The still simmering labor dispute over unpaid salaries in local authorities threatens to erupt into a massive strike by 700,000 civil service workers on Wednesday unless a resolution is reached, beginning with negotiations tonight.
Finance Minister Abraham Hirchson, Interior Minister Roni Bar-On and Histadrut labor federation chair Ofer Eini plan to meet tonight at Hirchson's office.
Prime Minister Ehud Olmert promised two weeks ago to intervene personally to bring the crisis to a conclusion, and the government recently debated the issue for the first time. Olmert's announcement met a Histadrut demand that allowed Eini to call off a planned strike two weeks ago.
The strike would shut down ministries, local authorities, government companies, the National Insurance Institute and the Employment Service if the current wage crisis is not resolved by then. Employees of various municipalities, local authorities, and religious councils have not received salaries for weeks or months.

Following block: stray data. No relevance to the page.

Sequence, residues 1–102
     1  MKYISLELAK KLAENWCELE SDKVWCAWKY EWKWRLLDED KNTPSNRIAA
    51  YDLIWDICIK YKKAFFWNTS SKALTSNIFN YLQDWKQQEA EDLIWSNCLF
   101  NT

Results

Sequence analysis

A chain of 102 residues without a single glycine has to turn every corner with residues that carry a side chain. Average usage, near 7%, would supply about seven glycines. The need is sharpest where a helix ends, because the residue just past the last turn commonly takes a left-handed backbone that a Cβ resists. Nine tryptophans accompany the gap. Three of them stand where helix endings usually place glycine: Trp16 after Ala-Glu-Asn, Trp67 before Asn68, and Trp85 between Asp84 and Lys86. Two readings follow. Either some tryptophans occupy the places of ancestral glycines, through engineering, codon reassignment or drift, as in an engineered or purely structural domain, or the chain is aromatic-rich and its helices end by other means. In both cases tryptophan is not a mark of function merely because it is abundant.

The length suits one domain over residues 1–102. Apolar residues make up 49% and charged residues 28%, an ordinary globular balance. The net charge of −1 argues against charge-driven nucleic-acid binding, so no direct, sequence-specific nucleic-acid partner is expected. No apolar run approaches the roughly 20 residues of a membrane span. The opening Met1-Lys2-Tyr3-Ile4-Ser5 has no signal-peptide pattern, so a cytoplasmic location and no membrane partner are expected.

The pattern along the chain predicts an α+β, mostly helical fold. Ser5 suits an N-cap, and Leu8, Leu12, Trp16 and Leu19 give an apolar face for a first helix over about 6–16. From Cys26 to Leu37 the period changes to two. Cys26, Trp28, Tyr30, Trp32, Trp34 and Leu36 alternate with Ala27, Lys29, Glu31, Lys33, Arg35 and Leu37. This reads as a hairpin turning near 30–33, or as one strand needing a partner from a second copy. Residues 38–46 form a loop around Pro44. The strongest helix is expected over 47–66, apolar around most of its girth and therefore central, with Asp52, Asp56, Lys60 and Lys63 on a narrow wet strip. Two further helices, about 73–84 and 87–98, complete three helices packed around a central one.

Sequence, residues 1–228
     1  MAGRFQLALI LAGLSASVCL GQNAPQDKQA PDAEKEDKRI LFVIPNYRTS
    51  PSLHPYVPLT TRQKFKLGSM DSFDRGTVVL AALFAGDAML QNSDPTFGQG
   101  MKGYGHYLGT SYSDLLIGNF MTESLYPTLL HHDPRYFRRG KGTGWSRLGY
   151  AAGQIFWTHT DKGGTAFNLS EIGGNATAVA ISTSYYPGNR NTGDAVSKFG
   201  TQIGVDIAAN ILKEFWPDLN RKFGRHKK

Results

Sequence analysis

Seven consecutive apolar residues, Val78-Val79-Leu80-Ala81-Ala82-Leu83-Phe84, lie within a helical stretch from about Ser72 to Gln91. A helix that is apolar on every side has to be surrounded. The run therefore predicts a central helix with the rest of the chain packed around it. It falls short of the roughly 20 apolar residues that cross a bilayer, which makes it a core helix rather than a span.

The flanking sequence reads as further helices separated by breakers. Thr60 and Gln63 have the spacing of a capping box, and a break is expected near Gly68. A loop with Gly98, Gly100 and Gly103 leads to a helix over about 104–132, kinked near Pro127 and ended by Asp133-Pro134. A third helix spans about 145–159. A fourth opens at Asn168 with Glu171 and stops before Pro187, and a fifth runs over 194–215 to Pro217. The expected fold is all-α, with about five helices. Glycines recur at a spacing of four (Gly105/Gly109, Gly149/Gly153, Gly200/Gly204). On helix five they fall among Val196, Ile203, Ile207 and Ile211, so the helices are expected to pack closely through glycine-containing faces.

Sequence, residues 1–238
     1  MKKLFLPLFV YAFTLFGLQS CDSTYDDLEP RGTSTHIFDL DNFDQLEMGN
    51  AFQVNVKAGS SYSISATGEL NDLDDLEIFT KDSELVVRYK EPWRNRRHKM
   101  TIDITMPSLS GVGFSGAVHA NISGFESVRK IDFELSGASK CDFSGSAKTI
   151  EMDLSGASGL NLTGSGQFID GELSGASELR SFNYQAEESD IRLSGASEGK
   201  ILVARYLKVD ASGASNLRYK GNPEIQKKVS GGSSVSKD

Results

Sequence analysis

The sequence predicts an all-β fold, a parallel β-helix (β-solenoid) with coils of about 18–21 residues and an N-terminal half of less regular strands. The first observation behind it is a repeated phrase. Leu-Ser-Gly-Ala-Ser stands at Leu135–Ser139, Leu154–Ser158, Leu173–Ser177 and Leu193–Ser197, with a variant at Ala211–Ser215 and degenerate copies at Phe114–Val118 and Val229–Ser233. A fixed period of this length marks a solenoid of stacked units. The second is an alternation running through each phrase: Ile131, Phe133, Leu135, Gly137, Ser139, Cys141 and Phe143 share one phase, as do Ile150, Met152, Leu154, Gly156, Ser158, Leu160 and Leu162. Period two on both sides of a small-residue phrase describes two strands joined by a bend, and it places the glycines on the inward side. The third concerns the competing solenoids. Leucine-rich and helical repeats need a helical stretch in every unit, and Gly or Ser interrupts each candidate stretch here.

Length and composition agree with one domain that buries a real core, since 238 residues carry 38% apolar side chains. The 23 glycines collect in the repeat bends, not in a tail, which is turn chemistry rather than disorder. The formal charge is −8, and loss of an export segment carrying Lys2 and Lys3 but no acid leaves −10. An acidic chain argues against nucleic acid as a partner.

Treasury and Interior Ministry officials said the number of civil servants who haven't been paid has decreased steadily as the government made financial arrangements with debt-ridden authorities.
The National Labor Court, headed by President Steven Adler, has also acknowledged the number has decreased dramatically compared to 2004. Still, Adler added the problem of withholding salaries in local authorities is far from solved.
Histadrut officials claim that although the number of unpaid workers decreased in the past year, it began climbing again in last month. An additional problem, the Histadrut points out, is that authorities are not paying into workers' pension and provident funds, even though money for these funds is deducted from worker salaries. The Histadrut argues this act constitutes a criminal offense.
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